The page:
CHICAGO -- Neil Walker said his sore lower back felt better Friday morning before the Pirates played the Chicago Cubs, the 16th consecutive game in which Walker has not started.
Walker took batting practice before the game to gauge his availability and pinch-hit, batting right-handed, in the sixth inning. He struck out swinging.
Walker had two consecutive days off from hitting Wednesday and Thursday. He said his back felt sore after he started to take swings left-handed about a week ago and again after he participated in Jeff Karstens' simulated game Tuesday in Cincinnati.
"The day after those events were the big days for me and I didn't feel great after doing both of those," Walker said. "You just go by how you feel."
The two back specialists Walker consulted told him that once the inflammation was gone, Walker could resume strengthening the area, Walker said. Walker has focused on strengthening and stretching his core and leg muscles.
"We're close now," Walker said. "With a back issue I want to be very, very sure of myself."
Rod Barajas entered a game Friday hitting .176 with a .244 on-base percentage and .230 slugging percentage since Aug. 1. He had one home run in that span. Manager Clint Hurdle continued to play Barajas, he said, because of his impact on the pitching staff.
"We're just going to be as smart as we can, make as many good moves as we can and get offense when we can get out there but be respective of getting the job done behind the plate," Hurdle said.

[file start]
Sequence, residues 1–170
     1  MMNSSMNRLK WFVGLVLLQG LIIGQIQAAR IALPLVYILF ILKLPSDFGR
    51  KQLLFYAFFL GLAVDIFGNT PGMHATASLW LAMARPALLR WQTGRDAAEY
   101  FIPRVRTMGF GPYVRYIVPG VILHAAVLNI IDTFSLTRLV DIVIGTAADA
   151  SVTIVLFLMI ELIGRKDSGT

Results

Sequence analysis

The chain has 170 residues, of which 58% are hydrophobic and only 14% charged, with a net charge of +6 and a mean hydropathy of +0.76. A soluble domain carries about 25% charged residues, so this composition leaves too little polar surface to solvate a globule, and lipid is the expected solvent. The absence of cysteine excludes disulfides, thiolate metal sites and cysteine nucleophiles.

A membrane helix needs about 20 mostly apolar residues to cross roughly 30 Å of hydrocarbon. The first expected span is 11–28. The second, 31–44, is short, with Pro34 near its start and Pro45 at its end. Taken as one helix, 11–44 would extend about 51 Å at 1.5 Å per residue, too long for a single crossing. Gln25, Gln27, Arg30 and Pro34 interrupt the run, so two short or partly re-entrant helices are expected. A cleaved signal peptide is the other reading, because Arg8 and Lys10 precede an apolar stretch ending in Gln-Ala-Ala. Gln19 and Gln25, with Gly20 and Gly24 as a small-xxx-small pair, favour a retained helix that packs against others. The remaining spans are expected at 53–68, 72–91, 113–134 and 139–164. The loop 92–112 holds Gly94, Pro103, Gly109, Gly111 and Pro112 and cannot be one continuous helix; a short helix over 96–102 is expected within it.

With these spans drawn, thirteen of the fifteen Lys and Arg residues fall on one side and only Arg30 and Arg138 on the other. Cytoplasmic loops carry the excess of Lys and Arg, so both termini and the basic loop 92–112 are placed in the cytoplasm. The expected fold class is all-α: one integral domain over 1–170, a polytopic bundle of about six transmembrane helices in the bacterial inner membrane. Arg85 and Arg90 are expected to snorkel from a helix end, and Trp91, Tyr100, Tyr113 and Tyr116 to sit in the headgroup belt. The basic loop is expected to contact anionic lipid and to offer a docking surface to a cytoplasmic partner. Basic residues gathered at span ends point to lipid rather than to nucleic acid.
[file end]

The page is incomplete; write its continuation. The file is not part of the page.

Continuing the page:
Barajas has caught A.J. Burnett, with whom he played in Toronto with the Blue Jays in 2008, all season. Since the acquisition of Wandy Rodriguez in late July, Rodriguez's performance has been better when pitching to Barajas, Hurdle said.
The idea of removing Barajas from the lineup to regroup for a few days, similar to what Hurdle did with Clint Barmes earlier this season, had come up, Hurdle said, but Barajas' effect on the pitching staff is also valuable. The Pirates use a program that evaluates how many innings and pitches a particular pitcher throws, how the pitcher performs with runners in scoring position and the speed at which a pitcher works based on who is behind the plate.
"There's no perfect equation for all of it, but if you use your eyes and rely upon some numbers, there are other things to read into besides the catcher's batting average," Hurdle said.
Despite their recent losing streak, the Pirates have remained loose, and still feel good about their chances for a turnaround.
"We're not losing our confidence," Garrett Jones said. "We're not losing our edge. I think everybody knows that its baseball sometimes. Things aren't going to go your way all the time."
Jones diagnosed the team's issue over the past couple of weeks as a lack of execution, especially when it comes to scoring runs.
"Just doing the little things that we need to do to win ball games," he said. "We've had a lot of one, two-run games we've lost. A lot of that's just coming down to execution."
Pedro Alvarez, who was scratched from the lineup Wednesday because of right wrist pain, returned to the lineup Friday, batting seventh, against left-handed Chris Rusin.